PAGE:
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Thread: Story of my Packard Bell Pack-Mate 28 Plus

  1. #11
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    The Pentium OverDrive was mere marketing snake oil. The promise of an OD socket helped Intel push 486 systems out the door as the Pentium hype started. The OD-83 wasn't released until October 1995 by which time any motherboard with an OD socket would be nearing retirement.

  2. #12
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    That, and Intel introduced the Pentium processors in 1993, along with the FDIV bug that was in those CPUs, including the F00F bug.

    https://en.wikipedia.org/wiki/Pentium_FDIV_bug

    https://en.wikipedia.org/wiki/Pentium_F00F_bug
    Current retro systems:
    2x Commodore 64 Breadbin 250407 Rev. B and C
    Packard Bell Pack-Mate 28 Plus, aka, the Ultimate Sound Card machine
    iMac G3/600 Graphite, Mac OS X 10.4.11 Tiger, Lubuntu 16.04.3 LTS
    iMac G4/800 Lampshade, Mac OS X 10.4.11 Tiger
    YouTube channel: https://www.youtube.com/c/RetroPCUser

  3. #13
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    And the Pentium OverDrive CPUs were also affected by that bug as well. I'll stick with the DX5-133 (5x86-P75), however, I wish I can find an Aries Voltage Regulator that connects between the CPU and the socket itself.
    Current retro systems:
    2x Commodore 64 Breadbin 250407 Rev. B and C
    Packard Bell Pack-Mate 28 Plus, aka, the Ultimate Sound Card machine
    iMac G3/600 Graphite, Mac OS X 10.4.11 Tiger, Lubuntu 16.04.3 LTS
    iMac G4/800 Lampshade, Mac OS X 10.4.11 Tiger
    YouTube channel: https://www.youtube.com/c/RetroPCUser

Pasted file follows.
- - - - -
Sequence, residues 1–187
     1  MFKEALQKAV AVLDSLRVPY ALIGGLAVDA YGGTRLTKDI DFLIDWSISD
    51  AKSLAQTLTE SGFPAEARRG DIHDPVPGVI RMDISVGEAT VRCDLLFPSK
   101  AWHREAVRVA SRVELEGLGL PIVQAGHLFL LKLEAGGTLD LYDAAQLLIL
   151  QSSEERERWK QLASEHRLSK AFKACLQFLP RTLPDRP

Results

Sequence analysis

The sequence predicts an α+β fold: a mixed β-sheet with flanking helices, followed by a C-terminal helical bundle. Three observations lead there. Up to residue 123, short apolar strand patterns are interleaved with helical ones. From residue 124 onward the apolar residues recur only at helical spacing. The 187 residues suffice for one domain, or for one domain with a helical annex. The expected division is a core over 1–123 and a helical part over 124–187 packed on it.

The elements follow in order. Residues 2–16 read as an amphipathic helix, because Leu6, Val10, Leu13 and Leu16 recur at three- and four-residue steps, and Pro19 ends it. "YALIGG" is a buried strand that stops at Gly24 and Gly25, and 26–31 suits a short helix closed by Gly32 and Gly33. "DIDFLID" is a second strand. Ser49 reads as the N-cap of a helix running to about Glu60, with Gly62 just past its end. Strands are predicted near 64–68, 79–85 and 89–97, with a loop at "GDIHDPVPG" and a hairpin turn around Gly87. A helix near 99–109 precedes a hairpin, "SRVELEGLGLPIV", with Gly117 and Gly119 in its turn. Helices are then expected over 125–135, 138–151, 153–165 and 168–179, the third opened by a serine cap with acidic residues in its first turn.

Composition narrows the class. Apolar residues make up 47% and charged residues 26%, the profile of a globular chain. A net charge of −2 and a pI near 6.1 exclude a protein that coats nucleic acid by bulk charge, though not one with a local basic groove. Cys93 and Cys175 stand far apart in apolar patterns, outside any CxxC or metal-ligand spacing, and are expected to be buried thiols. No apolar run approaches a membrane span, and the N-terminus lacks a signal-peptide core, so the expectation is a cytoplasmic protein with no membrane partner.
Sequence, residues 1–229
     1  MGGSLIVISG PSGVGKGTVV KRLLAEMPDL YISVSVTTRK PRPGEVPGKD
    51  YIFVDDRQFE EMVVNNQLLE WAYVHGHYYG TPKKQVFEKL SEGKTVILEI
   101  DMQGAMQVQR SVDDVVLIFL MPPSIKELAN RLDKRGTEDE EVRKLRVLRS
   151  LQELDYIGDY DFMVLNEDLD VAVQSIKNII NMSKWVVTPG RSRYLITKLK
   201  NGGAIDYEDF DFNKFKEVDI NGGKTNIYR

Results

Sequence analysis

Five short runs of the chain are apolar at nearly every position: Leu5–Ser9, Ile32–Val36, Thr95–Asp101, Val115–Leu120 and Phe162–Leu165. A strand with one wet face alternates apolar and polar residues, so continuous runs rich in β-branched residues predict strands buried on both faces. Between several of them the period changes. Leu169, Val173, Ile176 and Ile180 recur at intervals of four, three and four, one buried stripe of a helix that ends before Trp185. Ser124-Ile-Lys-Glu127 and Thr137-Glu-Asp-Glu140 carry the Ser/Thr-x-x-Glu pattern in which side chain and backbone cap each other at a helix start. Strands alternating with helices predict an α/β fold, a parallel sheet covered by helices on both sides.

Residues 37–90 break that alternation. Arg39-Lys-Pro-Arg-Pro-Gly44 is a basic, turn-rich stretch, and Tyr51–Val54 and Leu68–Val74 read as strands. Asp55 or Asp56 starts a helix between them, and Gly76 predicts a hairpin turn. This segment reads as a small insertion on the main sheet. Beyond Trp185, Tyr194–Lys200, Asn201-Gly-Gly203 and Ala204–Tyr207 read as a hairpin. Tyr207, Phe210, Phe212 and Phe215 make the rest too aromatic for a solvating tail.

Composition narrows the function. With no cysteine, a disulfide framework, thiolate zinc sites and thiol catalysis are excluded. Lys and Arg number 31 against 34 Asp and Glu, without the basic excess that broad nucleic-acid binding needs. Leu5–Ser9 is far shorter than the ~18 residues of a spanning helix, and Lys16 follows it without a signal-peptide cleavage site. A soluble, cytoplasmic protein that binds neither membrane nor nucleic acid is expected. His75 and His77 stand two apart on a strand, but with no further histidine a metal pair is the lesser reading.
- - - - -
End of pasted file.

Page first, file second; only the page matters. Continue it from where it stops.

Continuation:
4. #14
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    Quote Originally Posted by Agent Orange View Post
    All of the above is true to a point. The OD was a cheap stop gap solution for those who desired the 486 performance but couldn't afford it.
    I think you mean Pentium performance, and neither POD was cheap. The POD-63 launched in January of 1995 for $449, while the POD-83 launched in September of the same year for $299.

    Quote Originally Posted by Agent Orange View Post
    Think back to the 90's and try to recall that a top end 486 might cost you around 4 to 5 hundred dollars.
    This was true in 1994, but 1995 marked the end of the 486 era. Intel was pushing out new speed grades of Pentium every few months. In an attempt to stay relevant in the market, AMD released the tweaked DX4/5x86 designs to get the 100/120/133 speed grades. Cyrix followed suite and released a cut down version of their 6x86MX core as the 5x86, as well as a couple of DX4s. 486 class processors at this time had their prices slashed since they were in the bottom end of the market and could be had for under $150.

    Had Intel released the POD chips in 1994, they would have been a lot more relevant in the market, but would have also likely been a whole lot more expensive. As it was, the POD-83 had a stacked release right on top of price cuts of lots of older Pentium chips at the end of the year, with Cyrix's 6x86MX and AMD's K5 coming in Q1 of 1996.

    Quote Originally Posted by retro-pc_user View Post
    Some of the games, like Quake, does run better than the DX5-133 processor
    Quake required a Pentium FPU because it was designed around it. The Pentium FPU was pipelined and was a whole lot faster than any 486 class FPU. Programs that made heavy use of the FPU did run better on the POD, but the majority of applications were still integer based.

    Quote Originally Posted by retro-pc_user View Post
    except double the L2 cache than the older Pentium processors and the same amount that's in the MMX CPUs.
    The POD has double the L1 cache, it had no L2 cache on-chip.

  5. #15
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    I meant L1 cache.
    Current retro systems:
    2x Commodore 64 Breadbin 250407 Rev. B and C
    Packard Bell Pack-Mate 28 Plus, aka, the Ultimate Sound Card machine
    iMac G3/600 Graphite, Mac OS X 10.4.11 Tiger, Lubuntu 16.04.3 LTS
    iMac G4/800 Lampshade, Mac OS X 10.4.11 Tiger
    YouTube channel: https://www.youtube.com/c/RetroPCUser

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